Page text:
Drone Shootdown Dispute Centers On Whose Airspace It Was In
RACHEL MARTIN, HOST:
We are following a new development in the Trump administration's standoff with Iran. Iran's military shot down a U.S. drone in the Persian Gulf. NPR has confirmed the attack with a U.S. official, but there is a dispute over where the drone was taken down. Iran says it happened in its airspace. The U.S. says it happened over international waters.
Trita Parsi is founder and president of the National Iranian American Council. He's with us in our studios. Thanks for coming in.
TRITA PARSI: Thank you so much for having me.
MARTIN: So first, Trita, we had an Iranian attack on the oil tankers in the Gulf of Oman, although Iran denies this. We've also got Iran saying it will violate the uranium enrichment rules of the nuclear agreement which the U.S. pulled out of. And now we've got the downing of this drone. What is provoking Iran?
PARSI: Well, first of all, as you mentioned, we don't know what happened with the tanker. We have differing stories about that, and no conclusive evidence has been presented. Same thing goes for some of the attacks that happened in Saudi Arabia earlier on. This drone attack, however, is different because here, the Iranians were the ones that actually announced it and declared that they did so. It very much depends on whether this was in Iranian airspace or not. If it was in Iranian airspace, then obviously it's not surprising if they were to shoot it down. Rest assured, the U.S. would be shooting down every Iranian drone that got into American airspace.
If it is not, however - if it was in international airspace, then it is a very different story. At that point, I think it is more clear that what is happening, including some of these other incidents, probably are part of a pattern in which the Iranians are now trying to exact the cost on the U.S. for the economic warfare that the U.S. has been conducting against Iran for the last two years.
MARTIN: I mean, do you think the Trump administration miscalculated about how strongly Iran would respond to that pressure campaign?
PARSI: Oh, I think the Trump administration - well, let me put it this way. I think Donald Trump has been misled by people like John Bolton as well as some of the leaders in the region, such as Bibi Netanyahu and MBS, who want to see a war with Iran. And I think they have tried to convince him - and I think somewhat successfully - that Iran is no different from Syria, that you can strike it with a couple of Tomahawks and they won't dare to respond. The Iranians are showing quite clearly that they are ready to respond and defend themselves if attacked and perhaps even, if it was in international airspace, escalate tensions themselves.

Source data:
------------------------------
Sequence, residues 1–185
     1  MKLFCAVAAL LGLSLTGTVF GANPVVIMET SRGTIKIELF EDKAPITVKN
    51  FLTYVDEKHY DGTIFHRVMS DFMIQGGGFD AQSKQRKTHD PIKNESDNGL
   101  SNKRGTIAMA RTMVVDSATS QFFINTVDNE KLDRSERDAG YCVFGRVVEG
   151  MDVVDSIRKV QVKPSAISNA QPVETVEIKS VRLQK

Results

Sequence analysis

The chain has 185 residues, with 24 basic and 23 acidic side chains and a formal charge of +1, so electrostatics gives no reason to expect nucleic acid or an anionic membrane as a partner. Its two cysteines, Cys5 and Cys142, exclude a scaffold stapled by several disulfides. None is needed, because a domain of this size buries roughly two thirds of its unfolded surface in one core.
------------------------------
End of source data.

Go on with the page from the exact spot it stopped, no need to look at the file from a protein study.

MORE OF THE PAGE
MARTIN: I mean, does this feel exceptional to you? Because Iran and the United States, historically, have gotten into these back-and-forths.
PARSI: They certainly have. And I think one of the things that is somewhat problematic is that both sides have proven to be quite wrong in some of their statements. So for instance, there is a long history of the Iranian IRGC navy harassing American ships in international waters.
There's also a history of the U.S. denying being inside of Iranian waters when something has happened and later on turning out that it actually was in Iranian waters. So for instance, 1988, the United States' USS Vincennes shot down an Iranian passenger plane. The U.S. first denied it. Later on, it turned out that not only did it shoot it down, it was deep inside of Iranian waters when it shot it down. It was a civilian passenger plane; 290 people got killed.
When the Brits had some of their sailors arrested about 10 or so years ago in the Persian Gulf, they denied that they were in Iranian waters. A British parliamentary inquiry later on revealed that they actually were in Iranian waters.
So we don't know. We need more evidence to be able to truly draw some conclusions of what happened here and what the implications of it is.
MARTIN: How do you de-escalate? I mean, if you were advising the Trump administration, what is the way out of this moment?
PARSI: We need diplomacy more than anything else. But I think it's impossible to have diplomacy while the U.S. is, at the same time, pursuing economic warfare. That economic warfare is going to, at some point - and it may already have - compelled the Iranians to respond. And at that point, if you don't have any exit ramps, you are in a very, very bad situation.
MARTIN: Trita Parsi, a professor at Georgetown University and author of the book "Losing An Enemy: Obama, Iran, And The Triumph Of Diplomacy." Trita, thank you.
PARSI: Thank you so much for having me. Transcript provided by NPR, Copyright NPR.